In Episode 49, Jay Douglas tells the story of the man behind the modern radio jingle and that tune you just can’t get out of your head.
In Episode 30 of the podcast, host Jay Douglas tells the story of why we all marched out of our high school and college graduations to the same music without, for legal reasons, naming that tune.
What would you do if a minute or so of one of your podcast episodes was used as a teaching example in an online class? What if it found its way into a program on PodcastOne, Midroll or SiriusXM radio? The last thing that would come to my mind would be to issue a DMCA takedown order for copyright infringement. But, I’m not Sony.
Phil Schaap is a man caught in the middle. On one side there’s the Columbia University administration. On the other, SoundExchange, the non-profit organization that collects and distributes music royalties for Internet streams. What have Internet streams got to do with podcasting? It depends on how creative you are.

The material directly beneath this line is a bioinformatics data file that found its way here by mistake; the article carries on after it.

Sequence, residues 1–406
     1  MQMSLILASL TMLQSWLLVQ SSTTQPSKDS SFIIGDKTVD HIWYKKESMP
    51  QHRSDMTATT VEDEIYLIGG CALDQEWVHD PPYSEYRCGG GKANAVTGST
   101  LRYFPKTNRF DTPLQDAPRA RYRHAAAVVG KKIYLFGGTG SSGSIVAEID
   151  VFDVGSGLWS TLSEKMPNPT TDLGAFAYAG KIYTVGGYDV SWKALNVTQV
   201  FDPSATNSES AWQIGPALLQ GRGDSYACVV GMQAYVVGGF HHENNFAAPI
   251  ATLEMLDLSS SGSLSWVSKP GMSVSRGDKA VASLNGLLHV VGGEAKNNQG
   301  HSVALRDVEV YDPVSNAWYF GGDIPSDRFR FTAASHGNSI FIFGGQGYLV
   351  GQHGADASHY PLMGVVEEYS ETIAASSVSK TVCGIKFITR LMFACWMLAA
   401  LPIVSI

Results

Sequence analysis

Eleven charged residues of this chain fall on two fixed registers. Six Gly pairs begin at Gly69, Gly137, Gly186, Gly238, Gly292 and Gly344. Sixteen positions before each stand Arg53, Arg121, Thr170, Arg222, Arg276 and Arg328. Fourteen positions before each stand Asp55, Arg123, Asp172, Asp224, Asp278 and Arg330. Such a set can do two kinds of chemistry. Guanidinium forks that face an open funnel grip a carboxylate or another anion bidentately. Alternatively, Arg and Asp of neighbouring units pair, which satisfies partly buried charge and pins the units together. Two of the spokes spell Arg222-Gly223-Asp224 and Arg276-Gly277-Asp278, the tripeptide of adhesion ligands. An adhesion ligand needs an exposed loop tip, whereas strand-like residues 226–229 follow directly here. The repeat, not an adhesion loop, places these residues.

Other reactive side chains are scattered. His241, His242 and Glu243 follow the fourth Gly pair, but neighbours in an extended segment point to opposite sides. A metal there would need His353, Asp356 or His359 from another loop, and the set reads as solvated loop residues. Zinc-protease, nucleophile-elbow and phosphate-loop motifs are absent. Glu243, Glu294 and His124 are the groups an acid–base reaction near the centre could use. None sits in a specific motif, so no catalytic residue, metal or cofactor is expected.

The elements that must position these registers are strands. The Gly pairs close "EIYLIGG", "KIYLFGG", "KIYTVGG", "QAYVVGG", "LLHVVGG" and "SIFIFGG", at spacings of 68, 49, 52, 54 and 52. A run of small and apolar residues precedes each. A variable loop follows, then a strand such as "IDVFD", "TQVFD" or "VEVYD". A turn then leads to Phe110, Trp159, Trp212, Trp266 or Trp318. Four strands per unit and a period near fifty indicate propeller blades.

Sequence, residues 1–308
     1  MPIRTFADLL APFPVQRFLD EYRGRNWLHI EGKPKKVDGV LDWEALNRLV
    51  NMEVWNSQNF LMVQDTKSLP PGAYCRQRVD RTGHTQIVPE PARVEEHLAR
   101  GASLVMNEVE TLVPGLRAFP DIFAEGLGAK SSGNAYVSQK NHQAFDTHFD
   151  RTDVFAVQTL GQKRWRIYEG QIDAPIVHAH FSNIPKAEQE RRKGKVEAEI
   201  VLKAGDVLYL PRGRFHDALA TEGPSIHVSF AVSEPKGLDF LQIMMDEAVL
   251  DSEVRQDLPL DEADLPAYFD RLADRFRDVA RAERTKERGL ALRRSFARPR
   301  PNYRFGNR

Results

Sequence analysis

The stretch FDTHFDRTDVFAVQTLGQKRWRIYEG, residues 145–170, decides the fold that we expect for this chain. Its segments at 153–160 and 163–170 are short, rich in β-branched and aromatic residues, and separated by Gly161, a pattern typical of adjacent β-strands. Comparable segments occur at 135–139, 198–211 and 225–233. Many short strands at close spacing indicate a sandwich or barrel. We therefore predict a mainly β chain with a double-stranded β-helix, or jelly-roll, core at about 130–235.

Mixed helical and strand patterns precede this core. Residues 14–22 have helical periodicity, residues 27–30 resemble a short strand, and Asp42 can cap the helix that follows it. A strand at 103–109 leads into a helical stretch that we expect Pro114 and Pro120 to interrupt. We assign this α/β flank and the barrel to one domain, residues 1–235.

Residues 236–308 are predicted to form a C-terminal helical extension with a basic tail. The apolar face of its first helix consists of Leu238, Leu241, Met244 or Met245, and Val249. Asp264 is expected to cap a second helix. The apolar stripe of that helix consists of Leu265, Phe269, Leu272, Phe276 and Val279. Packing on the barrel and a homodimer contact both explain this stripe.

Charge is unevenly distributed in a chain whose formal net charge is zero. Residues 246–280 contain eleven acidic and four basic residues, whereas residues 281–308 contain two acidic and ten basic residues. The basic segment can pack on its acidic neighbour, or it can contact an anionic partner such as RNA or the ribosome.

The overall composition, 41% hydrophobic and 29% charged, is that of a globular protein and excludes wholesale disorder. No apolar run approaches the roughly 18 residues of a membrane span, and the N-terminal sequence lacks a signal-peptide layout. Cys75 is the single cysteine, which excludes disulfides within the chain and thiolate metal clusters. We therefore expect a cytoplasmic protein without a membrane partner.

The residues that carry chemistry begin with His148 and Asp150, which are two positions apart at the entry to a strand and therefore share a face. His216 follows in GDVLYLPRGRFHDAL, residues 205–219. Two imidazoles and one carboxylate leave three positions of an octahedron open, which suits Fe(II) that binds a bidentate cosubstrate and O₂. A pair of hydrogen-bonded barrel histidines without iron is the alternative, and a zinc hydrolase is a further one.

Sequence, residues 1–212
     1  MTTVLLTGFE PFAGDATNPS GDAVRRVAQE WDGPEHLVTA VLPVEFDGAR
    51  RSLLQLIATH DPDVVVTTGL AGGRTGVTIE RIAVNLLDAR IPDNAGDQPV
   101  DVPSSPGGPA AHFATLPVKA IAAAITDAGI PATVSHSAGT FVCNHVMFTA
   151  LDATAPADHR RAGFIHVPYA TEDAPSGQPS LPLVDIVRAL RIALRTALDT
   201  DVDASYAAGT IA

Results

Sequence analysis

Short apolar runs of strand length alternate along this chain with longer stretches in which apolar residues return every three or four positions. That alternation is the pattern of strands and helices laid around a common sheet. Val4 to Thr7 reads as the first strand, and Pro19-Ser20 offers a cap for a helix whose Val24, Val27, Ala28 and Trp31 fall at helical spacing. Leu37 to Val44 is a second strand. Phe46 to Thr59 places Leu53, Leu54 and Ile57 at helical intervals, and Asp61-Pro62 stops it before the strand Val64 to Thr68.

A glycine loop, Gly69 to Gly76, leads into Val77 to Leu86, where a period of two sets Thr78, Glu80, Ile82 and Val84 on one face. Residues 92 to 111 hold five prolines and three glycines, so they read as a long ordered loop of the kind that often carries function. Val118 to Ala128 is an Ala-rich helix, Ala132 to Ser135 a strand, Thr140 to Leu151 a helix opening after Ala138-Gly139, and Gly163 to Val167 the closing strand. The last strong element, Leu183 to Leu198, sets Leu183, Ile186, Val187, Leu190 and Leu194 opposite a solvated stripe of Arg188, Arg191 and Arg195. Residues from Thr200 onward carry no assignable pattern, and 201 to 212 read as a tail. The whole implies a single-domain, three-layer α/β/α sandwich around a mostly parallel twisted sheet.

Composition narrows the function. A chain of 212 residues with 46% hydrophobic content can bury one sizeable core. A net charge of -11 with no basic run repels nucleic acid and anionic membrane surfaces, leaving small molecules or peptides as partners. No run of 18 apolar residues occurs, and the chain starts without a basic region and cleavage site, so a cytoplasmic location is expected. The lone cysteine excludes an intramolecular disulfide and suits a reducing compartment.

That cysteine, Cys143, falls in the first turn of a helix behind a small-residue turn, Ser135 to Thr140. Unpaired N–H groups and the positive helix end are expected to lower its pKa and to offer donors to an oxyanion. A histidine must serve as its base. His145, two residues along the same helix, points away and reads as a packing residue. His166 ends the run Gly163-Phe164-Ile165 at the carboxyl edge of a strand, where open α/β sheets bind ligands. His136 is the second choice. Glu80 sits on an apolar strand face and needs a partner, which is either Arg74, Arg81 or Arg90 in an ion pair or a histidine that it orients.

Imagine, if you will, a strange new world in which the only way to hear the Beatles, Rolling Stones, Elvis Presley and Frank Sinatra is to buy their recordings and listen to them in the privacy of your own iPod. Right now, the big boys of radio (and streaming) are grappling with the possibility of just such a future. But one radio broadcaster doesn’t share this vision, and and has revived an…uh…interesting legal theory. When put forth in 2009, the theory was dismissed in a heartbeat. But the modern approach has some legal heft behind it, including accidental support from the record industry. This time, the argument just might work.